It’s been a year since the seven Blue Bricks took their seats in the House of Commons. How have they fared?
For millions, owning your own home is still an aspiration. 29% of people, known as ‘generation rent’’, are trapped in costly, insecure and often grotty private rented accommodation up from 11% a decade ago. One in four adults, aged 20 to 34, are still living with their parents. In the meantime houses have soared by 75% since 1995, overtaking both inflation and salary increases. The average house price is now eight times the average wage. For the hosing pressure group a growing number of people could be ”locked out of homeownership potentially for ever”. According to the English Housing Survey in 2007, 72% of those aged 35 to 44 owned their homes. By 2014, this had fallen to 52%.
The North’s cultural industry has been hit hard and faces an historic challenge as the global pandemic continues to affect our everyday lives. The Northern Culture APPG will promote and champion the huge economic contribution made by the North’s cultural sector, build consensus and fight for what the government needs to do to level-up and build back the North’s cultural potential now and in the longer term.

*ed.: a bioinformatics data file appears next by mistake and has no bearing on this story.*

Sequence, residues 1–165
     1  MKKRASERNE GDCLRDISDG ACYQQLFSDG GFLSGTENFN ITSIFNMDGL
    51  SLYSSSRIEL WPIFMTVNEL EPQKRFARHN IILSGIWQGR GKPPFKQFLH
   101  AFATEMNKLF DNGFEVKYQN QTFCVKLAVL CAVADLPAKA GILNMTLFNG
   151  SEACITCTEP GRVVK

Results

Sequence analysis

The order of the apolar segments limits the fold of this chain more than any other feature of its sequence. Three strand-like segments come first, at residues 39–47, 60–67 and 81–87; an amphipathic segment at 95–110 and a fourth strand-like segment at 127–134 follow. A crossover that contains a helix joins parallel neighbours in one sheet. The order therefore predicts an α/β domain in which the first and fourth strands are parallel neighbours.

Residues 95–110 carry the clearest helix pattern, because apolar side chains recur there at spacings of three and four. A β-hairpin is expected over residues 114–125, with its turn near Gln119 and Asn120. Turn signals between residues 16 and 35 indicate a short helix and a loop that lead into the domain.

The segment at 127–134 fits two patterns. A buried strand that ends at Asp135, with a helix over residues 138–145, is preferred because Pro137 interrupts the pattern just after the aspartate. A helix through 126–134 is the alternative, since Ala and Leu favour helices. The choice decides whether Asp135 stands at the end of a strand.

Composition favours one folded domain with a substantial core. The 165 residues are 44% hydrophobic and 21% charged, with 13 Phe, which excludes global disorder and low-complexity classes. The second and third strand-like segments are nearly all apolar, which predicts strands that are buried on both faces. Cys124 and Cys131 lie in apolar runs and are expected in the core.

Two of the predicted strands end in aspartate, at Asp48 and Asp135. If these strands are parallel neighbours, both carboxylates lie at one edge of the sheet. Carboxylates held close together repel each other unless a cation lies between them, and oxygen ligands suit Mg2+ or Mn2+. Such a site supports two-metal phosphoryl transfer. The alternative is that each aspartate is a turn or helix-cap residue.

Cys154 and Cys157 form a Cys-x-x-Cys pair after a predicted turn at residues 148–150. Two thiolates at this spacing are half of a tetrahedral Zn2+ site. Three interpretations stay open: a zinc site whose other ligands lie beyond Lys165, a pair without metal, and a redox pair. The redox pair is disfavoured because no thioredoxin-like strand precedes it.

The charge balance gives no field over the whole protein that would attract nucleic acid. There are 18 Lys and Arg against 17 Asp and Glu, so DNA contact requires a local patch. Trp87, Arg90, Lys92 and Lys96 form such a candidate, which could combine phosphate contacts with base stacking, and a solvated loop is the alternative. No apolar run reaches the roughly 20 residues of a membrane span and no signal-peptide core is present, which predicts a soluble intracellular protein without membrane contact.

The current position of religion is far more complex. Spiritual beliefs are alive and well and are still the motivating factors in some people’s lives, even if they’re not expressed through organised churches or denominations. This has become pronounced during the Covid-19 pandemic.
Although the number of rough sleepers in Newcastle is much lower than Manchester and other core cities, with up to 20 individuals sleeping out in the city centre on any given night, many thousands more make up the ‘hidden homeless’. Some sofa-surf in friends’ flats. Others sleep in cars or stay in charity-run hostels, grotty B&B hotels and other costly forms of temporary accommodation. According to the housing campaign group Shelter, a staggering 320,000 people are homeless in modern Britain.
Although it’s been illegal in the UK to pay women less than men for fifty years, a 15.5% gender pay gap still exists. This year the Equal Pay Day in the UK was 20 November, the day women effectively start to work for free because, on average, they are paid less than men. Sadly there will be many redundancies after furlough and the perilous state of childcare means a disproportionate number of these are likely to fall on women.